WATCH: Artificial grass is usually what sports fields are made of but if you’ve ever been to Langford, you know it’s pretty much everywhere. As Luisa Alvarez tells us, the man installing it says a lot of his business comes from an entirely different source.
In Langford, installing artificial grass over the real deal is becoming more popular.
Langford’s Mayor Stew Young says they began experimenting with it about 15 years ago and now residents find it in most public spaces, along sidewalks, and on road medians and roundabouts.
“It started with the safety aspect of it, you know, when you have cars going down 60-70 km/h and somebody is trying to cut the centre of the median we thought maybe there is a better option,” said Young.
But Young says they really started to move away from installing real grass about a year-and-a-half ago when they made it mandatory for developers to install the turf as part of the frontage improvements they have to provide the city with in every new development. And it’s written in the bylaws.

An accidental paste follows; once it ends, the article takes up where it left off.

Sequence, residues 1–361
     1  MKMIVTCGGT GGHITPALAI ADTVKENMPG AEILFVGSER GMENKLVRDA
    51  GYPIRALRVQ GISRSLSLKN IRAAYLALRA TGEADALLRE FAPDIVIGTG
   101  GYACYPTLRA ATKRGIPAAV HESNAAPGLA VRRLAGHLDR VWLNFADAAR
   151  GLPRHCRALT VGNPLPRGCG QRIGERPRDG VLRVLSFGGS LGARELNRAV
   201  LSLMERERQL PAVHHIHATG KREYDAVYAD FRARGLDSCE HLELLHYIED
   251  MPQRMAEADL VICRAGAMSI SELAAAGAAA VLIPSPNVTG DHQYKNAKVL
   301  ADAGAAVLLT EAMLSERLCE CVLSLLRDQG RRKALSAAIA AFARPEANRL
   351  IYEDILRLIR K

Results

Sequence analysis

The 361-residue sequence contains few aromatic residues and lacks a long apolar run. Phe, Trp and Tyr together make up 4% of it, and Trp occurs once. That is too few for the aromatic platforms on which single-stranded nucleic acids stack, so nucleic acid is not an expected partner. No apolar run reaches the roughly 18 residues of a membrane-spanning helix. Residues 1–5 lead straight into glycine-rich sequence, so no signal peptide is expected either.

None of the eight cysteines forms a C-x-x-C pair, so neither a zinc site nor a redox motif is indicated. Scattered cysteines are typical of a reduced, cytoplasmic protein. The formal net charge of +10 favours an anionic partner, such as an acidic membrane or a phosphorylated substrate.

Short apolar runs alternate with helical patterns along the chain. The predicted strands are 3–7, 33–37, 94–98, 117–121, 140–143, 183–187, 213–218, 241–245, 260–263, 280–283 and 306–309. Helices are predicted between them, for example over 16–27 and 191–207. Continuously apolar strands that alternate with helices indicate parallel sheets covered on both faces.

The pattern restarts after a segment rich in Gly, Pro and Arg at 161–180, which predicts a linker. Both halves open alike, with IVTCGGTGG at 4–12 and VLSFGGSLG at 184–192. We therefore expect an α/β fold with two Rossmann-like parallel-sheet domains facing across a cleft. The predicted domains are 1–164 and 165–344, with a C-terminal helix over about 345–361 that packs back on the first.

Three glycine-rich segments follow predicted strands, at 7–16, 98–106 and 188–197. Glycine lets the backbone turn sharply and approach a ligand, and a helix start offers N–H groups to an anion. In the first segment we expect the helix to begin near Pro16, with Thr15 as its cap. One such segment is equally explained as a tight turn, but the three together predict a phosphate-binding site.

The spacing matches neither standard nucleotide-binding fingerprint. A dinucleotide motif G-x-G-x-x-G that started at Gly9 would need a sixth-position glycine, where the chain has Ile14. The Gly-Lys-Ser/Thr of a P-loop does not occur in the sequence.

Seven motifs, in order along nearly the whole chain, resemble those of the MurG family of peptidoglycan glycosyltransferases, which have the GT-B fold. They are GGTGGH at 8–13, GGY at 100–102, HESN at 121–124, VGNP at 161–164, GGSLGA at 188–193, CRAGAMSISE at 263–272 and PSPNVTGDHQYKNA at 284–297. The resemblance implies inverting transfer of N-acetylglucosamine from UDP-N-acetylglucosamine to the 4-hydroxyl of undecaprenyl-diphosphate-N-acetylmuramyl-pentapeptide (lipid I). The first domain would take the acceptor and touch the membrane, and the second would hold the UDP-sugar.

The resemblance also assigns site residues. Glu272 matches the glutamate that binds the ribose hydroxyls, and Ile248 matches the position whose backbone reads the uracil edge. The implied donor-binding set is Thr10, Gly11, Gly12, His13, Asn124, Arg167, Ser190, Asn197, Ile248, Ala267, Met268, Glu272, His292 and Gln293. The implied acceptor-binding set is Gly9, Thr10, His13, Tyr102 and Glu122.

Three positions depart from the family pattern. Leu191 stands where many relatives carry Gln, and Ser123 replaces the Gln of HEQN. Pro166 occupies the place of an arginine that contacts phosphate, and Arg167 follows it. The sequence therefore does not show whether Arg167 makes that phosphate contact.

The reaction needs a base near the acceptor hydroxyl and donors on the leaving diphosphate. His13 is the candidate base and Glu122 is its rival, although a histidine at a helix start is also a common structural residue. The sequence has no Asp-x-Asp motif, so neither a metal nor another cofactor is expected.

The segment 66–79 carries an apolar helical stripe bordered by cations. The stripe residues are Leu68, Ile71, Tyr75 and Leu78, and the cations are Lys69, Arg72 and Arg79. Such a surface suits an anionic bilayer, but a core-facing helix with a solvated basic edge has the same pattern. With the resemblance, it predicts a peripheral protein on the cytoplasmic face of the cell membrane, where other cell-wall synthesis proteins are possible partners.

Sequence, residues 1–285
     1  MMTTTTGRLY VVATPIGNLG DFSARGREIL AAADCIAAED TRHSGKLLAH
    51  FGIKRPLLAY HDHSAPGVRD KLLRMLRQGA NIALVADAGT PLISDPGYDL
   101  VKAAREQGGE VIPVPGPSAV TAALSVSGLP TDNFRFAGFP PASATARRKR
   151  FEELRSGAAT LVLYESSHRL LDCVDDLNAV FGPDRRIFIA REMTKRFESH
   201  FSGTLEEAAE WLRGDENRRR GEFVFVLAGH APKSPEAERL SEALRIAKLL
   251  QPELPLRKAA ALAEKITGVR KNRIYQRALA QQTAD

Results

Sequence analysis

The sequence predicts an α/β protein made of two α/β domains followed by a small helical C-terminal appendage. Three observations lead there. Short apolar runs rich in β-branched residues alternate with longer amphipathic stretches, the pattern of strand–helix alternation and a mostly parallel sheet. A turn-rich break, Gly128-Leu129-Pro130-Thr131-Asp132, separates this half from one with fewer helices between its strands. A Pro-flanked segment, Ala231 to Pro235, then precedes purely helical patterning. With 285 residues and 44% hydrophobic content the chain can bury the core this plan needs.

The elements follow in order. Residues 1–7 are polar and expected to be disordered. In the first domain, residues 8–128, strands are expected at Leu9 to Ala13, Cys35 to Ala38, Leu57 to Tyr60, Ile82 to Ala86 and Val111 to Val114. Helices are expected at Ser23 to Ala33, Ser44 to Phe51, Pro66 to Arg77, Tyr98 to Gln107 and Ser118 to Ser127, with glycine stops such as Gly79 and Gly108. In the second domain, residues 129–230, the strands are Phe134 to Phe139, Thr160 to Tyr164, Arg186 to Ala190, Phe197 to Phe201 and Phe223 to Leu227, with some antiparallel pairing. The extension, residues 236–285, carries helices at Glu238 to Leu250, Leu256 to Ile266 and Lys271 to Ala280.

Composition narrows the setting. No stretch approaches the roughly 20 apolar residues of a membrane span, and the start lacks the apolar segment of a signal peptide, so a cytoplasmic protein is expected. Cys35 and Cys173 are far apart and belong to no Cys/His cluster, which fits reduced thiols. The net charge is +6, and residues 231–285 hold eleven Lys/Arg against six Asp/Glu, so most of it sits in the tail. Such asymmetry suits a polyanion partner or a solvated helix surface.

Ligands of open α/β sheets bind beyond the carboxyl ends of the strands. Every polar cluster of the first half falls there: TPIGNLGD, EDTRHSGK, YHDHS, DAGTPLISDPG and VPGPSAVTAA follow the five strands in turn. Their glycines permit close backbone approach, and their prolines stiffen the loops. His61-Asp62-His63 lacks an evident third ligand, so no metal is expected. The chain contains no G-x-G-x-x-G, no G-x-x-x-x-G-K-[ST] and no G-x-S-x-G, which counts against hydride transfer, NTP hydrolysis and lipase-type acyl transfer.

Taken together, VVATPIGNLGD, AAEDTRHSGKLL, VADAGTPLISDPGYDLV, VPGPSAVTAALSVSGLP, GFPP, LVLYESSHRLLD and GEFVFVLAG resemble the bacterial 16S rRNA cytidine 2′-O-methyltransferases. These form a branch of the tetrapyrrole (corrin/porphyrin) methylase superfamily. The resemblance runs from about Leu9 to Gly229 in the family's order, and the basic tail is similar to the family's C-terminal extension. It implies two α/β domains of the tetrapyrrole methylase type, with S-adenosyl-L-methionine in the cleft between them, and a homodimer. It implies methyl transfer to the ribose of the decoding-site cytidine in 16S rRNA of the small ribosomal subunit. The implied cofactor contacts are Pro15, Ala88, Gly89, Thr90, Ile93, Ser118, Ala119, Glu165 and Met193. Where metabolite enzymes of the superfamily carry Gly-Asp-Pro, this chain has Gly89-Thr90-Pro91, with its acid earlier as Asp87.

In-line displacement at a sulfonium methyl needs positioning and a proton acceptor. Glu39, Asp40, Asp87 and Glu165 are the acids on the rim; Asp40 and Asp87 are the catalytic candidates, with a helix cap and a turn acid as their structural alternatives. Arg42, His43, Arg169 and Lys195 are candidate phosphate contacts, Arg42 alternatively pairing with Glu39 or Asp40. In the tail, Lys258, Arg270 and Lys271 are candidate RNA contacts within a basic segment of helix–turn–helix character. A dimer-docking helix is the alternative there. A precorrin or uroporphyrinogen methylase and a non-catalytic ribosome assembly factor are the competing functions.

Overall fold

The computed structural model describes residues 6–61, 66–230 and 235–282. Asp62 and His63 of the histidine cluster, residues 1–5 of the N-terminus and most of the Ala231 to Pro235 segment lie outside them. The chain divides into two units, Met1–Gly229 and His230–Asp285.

“They are now putting in the sidewalks, the street lights, the bike lanes, and the artificial turf just to buffer the cars on the road from where you are walking, that’s basically where we are trying to put it now in the boulevards,” said Young.
Installing the turf in comparison to installing real grass is actually more expensive.
“You are looking at about four times the cost,” said Kris Mickelson owner of SYNLAWN.
But with virtually no maintenance, Young says it pays for itself within three years.
“It will probably get down to two years and hopefully one day it will be the same price as putting in the grass,” said Young.
And Young is not the only one seeing the benefits of going faux.
Kris Mickelson who owns SYNLAWN, the company that installs the artificial grass in Langford, says a lot of his clients are actually homeowners and beyond the low upkeep, they’re choosing it to go green.
“The biggest benefit right now is obviously conserving water and also eliminating the use of fertilizers and use of pesticides and stuff that are ending up within our different watersheds,” said Mickelson.
Although opinions on it’s aesthetic, especially in public view, are divided Young says over the next five years more artificial turf will be put in place.